Welcoming and unique can be mastered with the right set up at the conference. You can create a space where attendees feel invited to stop in. What happens next is up to you, your brand and what you’re promoting. In a sea of tables, banners and polo clad people, you want your booth and the components set up in your space to catch an attendee’s eye. If you can do that, a conversation is more likely to happen.
Spindustry Digital recently developed a full campaign conference strategy for Hydro-Klean, including the development of a new trade show booth. It received praise from customers, exhibit show management and even our trade show booth vendor, Skyline. The booth alone didn’t make the show. The pre-show marketing strategy, including email and video, the at-event calls to action and the post-show follow up campaign resulted in a higher number of leads than previous events.
If you’ve attended one too many shows where you didn’t get the results expected, give us a call. It’s not just about a booth, or the actions at the event alone; it’s about planning and executing a campaign starting before the show and continuing all the way through follow up and the close of new business with new partners.
Topics: event marketing
If you come prepared, trade shows can be well worth the price of admission. In fact, trade show spending is predicted to reach over $15 billion by 2014, according to The International Center for Exhibitor and Event Marketing. With a clear goal, a strong call to action and a little practice, you can run a successful booth at your next trade show. Here a few trade show do’s and don’ts.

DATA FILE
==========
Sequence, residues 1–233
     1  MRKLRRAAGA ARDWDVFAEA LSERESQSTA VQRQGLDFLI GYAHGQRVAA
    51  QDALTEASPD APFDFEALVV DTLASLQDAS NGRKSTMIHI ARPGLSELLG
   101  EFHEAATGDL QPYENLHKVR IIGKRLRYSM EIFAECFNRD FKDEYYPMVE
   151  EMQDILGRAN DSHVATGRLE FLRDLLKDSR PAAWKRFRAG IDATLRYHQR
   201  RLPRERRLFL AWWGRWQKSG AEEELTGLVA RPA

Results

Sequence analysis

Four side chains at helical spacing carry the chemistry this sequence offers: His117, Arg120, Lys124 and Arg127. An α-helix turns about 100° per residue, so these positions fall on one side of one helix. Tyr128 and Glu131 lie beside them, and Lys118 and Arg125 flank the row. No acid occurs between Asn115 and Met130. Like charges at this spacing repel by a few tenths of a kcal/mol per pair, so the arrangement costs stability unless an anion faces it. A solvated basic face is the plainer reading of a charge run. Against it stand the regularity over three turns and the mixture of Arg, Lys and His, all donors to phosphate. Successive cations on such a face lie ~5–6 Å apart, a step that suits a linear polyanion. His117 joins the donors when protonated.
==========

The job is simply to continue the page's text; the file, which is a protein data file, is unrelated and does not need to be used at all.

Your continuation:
Topics: event marketing
When discussing social media engagement, I often ask people to rewind to the days when they were still in school. Most students won’t answer questions or participate in discussions until someone else has volunteered to be the first to begin the dialogue. Much like a classroom of students, many adults are still afraid to be the first to “raise their hand” during a presentation or when utilizing social media.
Ever since I was a kid I have been a sucker for history; I am pretty sure I was the only kid on my block begging my mother to take me to the Abraham Lincoln exhibit when it opened at a local museum. So, it was no surprise that I was immediately drawn to finding out as much information as I could when I found out about the “Lost Egypt” exhibit at the Science Center of Iowa. Thankfully, we are living in the digital era, and everything I ever wanted to know was at my fingertips and accessible through social media.